Application Development

Chapter 47. Processing the Mouse Interface

This chapter shows how to evaluate and process mouse events, mouse data, and contextual information. Topics include:

Trapping Mouse Events

You can intercept single and double mouse clicks on an application-wide basis through Panther's key change hook function. You can also intercept double clicking on an individual widget through its Double Click property. Both techniques are discussed in the sections that follow.

Using Key Change Functions

With Panther's key change hook function, you can intercept single and double mouse clicks throughout the program. Panther's key file (smkeys.h) defines these two events through the logical keys MOUS for single mouse clicks, and MDBL for double clicks. A key change function that tests for these logical keys can use Panther library functions to examine the state of the mouse cursor and mouse buttons, and perform special processing accordingly.

For example, the following code shows in skeletal format a key change function that tests for a single click mouse event outside a field, and then determines which button, if any, is down. It also conditionally tests for different combinations of mouse events with keyboard modifiers, such as Shift+click versus Ctrl+click. Most of the processing relies on sm_ms_inquire to test the mouse's state. For detailed information on using this function, refer to page 47-4. For more information on key change functions, refer to page 44-36.

int keychg ( int which_key )
   int ms_btn;
   switch ( which_key )
   case MOUS:
      /*is mouse click outside field? */
      if ( sm_ms_inquire( MOUSE_FIELD ) < 0
         ms_btn = ( sm_ms_inquire( MOUSE_BUTTONS ) & 0x49;
         /*is any button down?*/
         if ( ms_btn > 0 )
            /*test which button is down*/
            switch ( mouse_button )
            /*is any keyboard modifier also down */
            if ( sm_ms_inquire( MOUSE_SHIFT ))
               ms_kbd = sm_ms_inquire( MOUSE_SHIFT );
               switch ( ms_kbd ) /*which key is down? */

Trapping Double Clicks on a Widget

Several widget types have the double_click property, which lets you specify an action that is triggered by double clicking on a widget. double_click gets a control string as its value. This control string can specify to call a function, invoke an operating system command, or open another screen.

The following widget types have the double_click property:

Getting Mouse Data

Panther provides library functions and application properties that get information about the mouse's current state:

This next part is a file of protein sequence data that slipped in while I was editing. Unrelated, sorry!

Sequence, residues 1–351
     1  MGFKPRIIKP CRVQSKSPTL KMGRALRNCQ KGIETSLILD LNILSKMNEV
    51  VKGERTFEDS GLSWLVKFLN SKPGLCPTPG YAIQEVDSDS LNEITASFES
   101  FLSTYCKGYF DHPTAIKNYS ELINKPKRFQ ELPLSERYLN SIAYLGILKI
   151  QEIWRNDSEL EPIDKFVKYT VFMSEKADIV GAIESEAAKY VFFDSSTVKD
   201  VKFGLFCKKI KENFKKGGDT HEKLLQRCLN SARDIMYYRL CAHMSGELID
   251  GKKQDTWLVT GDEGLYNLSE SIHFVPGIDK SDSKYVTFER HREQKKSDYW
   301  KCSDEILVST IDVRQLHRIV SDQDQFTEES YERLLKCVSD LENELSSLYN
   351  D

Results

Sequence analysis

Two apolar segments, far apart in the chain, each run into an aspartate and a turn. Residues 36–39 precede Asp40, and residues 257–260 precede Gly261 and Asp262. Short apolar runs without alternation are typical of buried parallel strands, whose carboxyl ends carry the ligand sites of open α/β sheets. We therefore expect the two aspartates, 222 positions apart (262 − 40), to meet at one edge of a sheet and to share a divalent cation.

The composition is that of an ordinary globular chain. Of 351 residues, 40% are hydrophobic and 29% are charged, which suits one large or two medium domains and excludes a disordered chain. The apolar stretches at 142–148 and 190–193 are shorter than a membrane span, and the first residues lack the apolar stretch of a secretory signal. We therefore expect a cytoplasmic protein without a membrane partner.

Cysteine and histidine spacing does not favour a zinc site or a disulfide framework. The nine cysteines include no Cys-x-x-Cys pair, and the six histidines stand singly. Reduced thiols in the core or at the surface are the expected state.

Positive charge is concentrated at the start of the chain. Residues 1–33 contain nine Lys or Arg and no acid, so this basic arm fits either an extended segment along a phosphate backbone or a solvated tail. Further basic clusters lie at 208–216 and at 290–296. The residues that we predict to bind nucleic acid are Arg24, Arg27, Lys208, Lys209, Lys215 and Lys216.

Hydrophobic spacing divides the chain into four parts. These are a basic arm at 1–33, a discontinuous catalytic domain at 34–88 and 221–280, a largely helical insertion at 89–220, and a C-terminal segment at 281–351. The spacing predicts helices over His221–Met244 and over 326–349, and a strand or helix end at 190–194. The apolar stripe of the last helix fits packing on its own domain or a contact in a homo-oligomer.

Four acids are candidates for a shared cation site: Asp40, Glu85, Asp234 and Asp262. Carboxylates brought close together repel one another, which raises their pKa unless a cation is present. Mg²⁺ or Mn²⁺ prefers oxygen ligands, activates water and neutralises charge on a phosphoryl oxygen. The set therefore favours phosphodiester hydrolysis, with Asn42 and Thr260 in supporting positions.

Determining Mouse Click Location

The library function sm_ms_inquire lets you test the last mouse click's line and column location on a Panther screen or on the physical display. Several runtime properties also offer access to the field and screen on which the last mouse click occurred.

Identifying Mouse Coordinates

To determine the line and column location of the last mouse click, supply sm_ms_inquire with arguments of MOUSE_LINE and MOUSE_COLM, respectively. To get the mouse click's line and column within a Panther screen, supply MOUSE_FORM_LINE and MOUSE_FORM_COLM. For example, the following routine gets the mouse click coordinates on a map that is displayed on a static label:

void get_mouse_coords( void )
   int longitude, latitude;
   /* make sure the user clicked somewhere on the map */
   if ( sm_ms_inquire( MOUSE_FIELD ) > 0 && 
        ( PR_APPLICATION, PR_MOUSE_FIELD_NAME ) == "mapLbl" )
      longitude = sm_ms_inquire( MOUSE_FORM_COLM );
      latitude = sm_ms_inquire( MOUSE_FORM_LINE );
      return get_map_location( longitude, latitude );

Mouse and Widgets

The previous example also uses sm_ms_inquire and sm_prop_get_str to test whether a mouse click occurred inside a field and the field's identity:

if ( sm_ms_inquire( MOUSE_FIELD ) > 0 && 

When supplied an argument of MOUSE_FIELD, sm_ms_inquire returns either the field number in which the mouse click occurred, or -1 if the mouse click occurred outside the field.

You can also use these runtime properties to get the name of the field and occurrence in which a mouse click occurred:

All mouse properties are application-level properties, accessible through the @app() modifier. For example, this all-purpose code obtains the data in the last clicked-on occurrence of any field:

vars data
data = @widget(@app()->mouse_field_name)[@app()->mouse_field_occ]

Mouse and Screen

mouse_form_name is an application runtime property that gets the name of the screen on which a mouse click occurred. Like other mouse properties, it is accessible through the @app() modifier as in this example: